Newspaper article The Florida Times Union

Wise Optimistic about Graduation Rates in Duval; the Superintendent Responds to Figures Showing More Dropouts, Less Graduation

Newspaper article The Florida Times Union

Wise Optimistic about Graduation Rates in Duval; the Superintendent Responds to Figures Showing More Dropouts, Less Graduation

Article excerpt

Byline: TIA MITCHELL

Reversing the troubling trend of an escalating dropout rate and a declining graduation rate will be a long and difficult struggle, said Duval County Schools Superintendent Joseph Wise. His district graduated 60.5 percent of its students in 2005-06, compared to 65.5 percent the previous year. The dropout rate climbed to 6.6 percent from 5.9 percent during that same time period, according to statewide figures released last month.

Wise has established the ambitious goal of eliminating dropouts and graduating every student in four years. Though he has already thrown out some ideas related to state policy - such as raising the minimum age when students can legally drop out from 16 to 17 - Wise said the main responsibilities lie in the school system. Schools must do better to motivate, challenge and support students who are most at risk.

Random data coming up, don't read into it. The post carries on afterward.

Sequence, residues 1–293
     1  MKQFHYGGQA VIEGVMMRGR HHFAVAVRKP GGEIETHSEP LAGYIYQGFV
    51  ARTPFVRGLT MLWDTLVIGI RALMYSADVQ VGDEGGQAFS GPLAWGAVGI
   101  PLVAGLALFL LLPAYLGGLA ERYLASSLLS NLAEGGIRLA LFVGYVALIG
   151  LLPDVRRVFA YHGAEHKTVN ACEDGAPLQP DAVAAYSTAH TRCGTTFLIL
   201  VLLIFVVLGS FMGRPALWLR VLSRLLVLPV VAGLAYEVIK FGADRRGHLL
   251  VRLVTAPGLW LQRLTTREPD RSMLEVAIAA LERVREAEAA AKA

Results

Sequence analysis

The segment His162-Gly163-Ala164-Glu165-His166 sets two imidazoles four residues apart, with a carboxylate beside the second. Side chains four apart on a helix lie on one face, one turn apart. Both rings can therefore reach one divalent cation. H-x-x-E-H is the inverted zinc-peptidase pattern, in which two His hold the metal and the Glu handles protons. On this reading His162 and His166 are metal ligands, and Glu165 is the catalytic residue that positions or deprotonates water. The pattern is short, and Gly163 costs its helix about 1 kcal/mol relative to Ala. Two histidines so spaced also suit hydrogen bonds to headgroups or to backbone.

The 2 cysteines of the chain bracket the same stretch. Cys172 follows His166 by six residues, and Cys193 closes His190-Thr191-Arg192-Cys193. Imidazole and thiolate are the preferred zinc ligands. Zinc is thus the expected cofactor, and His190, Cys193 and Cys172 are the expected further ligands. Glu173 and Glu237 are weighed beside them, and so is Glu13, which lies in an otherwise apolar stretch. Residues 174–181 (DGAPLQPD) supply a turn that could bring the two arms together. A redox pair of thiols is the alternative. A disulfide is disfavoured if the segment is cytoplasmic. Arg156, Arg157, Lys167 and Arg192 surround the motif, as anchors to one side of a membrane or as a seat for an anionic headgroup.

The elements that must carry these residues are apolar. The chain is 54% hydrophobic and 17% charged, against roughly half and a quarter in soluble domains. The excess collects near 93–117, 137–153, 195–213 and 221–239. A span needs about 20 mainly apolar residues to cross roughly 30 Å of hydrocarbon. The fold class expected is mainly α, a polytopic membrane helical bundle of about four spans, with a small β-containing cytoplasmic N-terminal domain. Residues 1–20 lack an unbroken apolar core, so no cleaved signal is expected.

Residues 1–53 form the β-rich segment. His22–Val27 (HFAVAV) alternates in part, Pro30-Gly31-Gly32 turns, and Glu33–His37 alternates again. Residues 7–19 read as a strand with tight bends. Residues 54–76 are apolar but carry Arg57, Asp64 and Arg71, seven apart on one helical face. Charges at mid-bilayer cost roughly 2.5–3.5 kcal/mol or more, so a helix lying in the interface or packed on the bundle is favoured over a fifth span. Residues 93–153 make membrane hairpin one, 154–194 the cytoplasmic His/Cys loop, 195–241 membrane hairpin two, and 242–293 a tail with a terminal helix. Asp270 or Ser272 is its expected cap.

Last week, Wise sat down with the Times-Union to discuss the growing problem and his proposed solutions.

Here are his responses:

Recently you sat down with former Jacksonville Sheriff Nat Glover, who's been hired by the University of North Florida to encourage more students to attend college. How can he help you reduce dropouts and improve graduation rates?

It's paramount that we create a college-going culture in Jacksonville through every household with children. So Nat's got great leadership to bring to that. Frankly he has great expertise and also great identity to bring to it, and that has everything to do with the dropout issue. ... It's in the forming stages how he's going to work and how he's going to partner with us. We traded ideas.

You have said in the past that the other reason students drop out is because they don't see the worth in education. Who or what is most at fault: the student for being unmotivated, the teachers for not making classes interesting or the curriculum for being out of touch?

We're all at fault because it's a nationwide problem, a statewide problem, a citywide problem, a school district problem, a ZIP code problem, and a school-by-school-by-school problem. …

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